From left to right: Everett Cunningham of Quest Diagnostics, Pam Koprowski of Stamford Hospital, Stamford Mayor David Martin, Americares President and CEO Michael J. Nyenhuis and Americares Free Clinics Executive Director Karen Gottlieb cut the ribbon on the new Americares Free Clinic of Stamford.
Stamford, Conn. – Jan. 25, 2017 – Americares celebrated the opening of its newest free clinic for the uninsured with a ribbon cutting ceremony in Stamford, Conn., this morning. The new Americares Free Clinic at 401 Shippan Avenue is the first permanent home for the free clinic serving low-income area residents without health insurance.
The spacious office has 2,200 square feet and five exam rooms, giving the program room to grow. Last year, nearly 850 patients received medical services valued at $2.1 million. The Stamford clinic began three years ago this month as a mobile program operating out of a 40-foot converted school bus with two exam rooms.
“With today’s opening we have reached our goal to have full-service medical clinics in Fairfield County’s four largest cities,” said Americares Free Clinics Executive Director Karen Gottlieb. “We hope to bring in more doctors and dollars in the months ahead to serve even more low-income patients without health insurance.”
Over the years, more than 1,300 patients have received care. Patients must earn less than 250 percent of the federal poverty level, have no insurance including Medicaid or Medicare and live in either Stamford or Darien in order to quality for care. A single person may earn up to $29,700 annually; a family of four up to $60,750.
The program is 100 percent privately funded. Patients receive comprehensive health care including medications, lab work and diagnostic testing all at no cost thanks to donations from individuals, foundations and corporations and donated services from Stamford Hospital and Quest Diagnostics. Building and Land Technology, OdysseyRe Foundation and Purdue Pharma have provided significant corporate support since the program was launched in 2014.
In addition to primary care services, the clinic offers ophthalmology services for diabetic patients on site and provides patients with access to orthopedic services at the nearby Hospital for Special Surgery Stamford Outpatient Center, located in the Chelsea Piers Connecticut sports complex.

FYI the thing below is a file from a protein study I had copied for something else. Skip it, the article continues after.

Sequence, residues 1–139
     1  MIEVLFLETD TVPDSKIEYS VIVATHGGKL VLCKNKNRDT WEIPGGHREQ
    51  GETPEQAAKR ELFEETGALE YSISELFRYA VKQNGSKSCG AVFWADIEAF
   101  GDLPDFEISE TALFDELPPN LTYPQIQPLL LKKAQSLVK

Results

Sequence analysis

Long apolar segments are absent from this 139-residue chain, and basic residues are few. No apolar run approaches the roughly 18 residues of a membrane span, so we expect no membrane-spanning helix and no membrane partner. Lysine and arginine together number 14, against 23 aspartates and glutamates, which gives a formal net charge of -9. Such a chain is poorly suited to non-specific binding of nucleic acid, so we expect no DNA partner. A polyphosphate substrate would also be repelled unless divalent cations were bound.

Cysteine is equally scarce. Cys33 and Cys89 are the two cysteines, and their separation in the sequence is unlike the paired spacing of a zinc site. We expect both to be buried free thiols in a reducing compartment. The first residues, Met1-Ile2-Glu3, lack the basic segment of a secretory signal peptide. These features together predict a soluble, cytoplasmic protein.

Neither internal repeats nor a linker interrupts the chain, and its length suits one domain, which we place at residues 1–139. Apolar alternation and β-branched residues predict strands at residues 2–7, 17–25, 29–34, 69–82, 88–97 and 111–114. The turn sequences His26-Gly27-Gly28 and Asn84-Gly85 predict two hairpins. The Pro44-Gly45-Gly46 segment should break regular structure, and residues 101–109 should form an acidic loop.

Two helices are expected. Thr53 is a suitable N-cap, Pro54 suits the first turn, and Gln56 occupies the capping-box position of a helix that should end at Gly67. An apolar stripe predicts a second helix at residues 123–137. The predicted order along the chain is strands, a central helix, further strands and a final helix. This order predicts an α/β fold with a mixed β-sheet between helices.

By starting as a mobile program, Americares was able to change locations to meet demand. Over the years the mobile clinic made stops at DOMUS, Neighbors Link, the New Covenant House of Hospitality soup kitchen and the Boys & Girls Club. Patient demographics were analyzed to determine the optimum neighborhood for a permanent home. Americares chose the Shippan Avenue location after determining the majority of patients reside on the city’s East and West Sides.
“We have gotten to know the Stamford community over the past three years and have forged partnerships to create a program that will meet the medical needs of the city’s working poor for years to come,” Gottlieb said. “It truly is a community coming together to care for our neighbors in need.”
According to the latest U.S. Census data, 10 percent of Stamford residents are uninsured—about 13,000 people. That number could increase if major provisions of the Affordable Care Act are repealed without a replacement. Nationwide, 18 million people could lose their insurance over the next year according to the nonpartisan Congressional Budget Office. The analysis did not factor in plans to replace the legislation, as lawmakers have not yet reached an agreement.
Americares has been serving Fairfield County’s uninsured for over 20 years. With four clinics serving more than 3,000 patients, the health-focused relief and development organization operates the largest free clinic network in the state.
In all 50 states and more than 90 countries worldwide, Americares supports thriving local health centers with donated medicine, supplies, education and training. Americares helps partner clinics to increase capacity, provide comprehensive care, improve health outcomes and reduce costs for patients.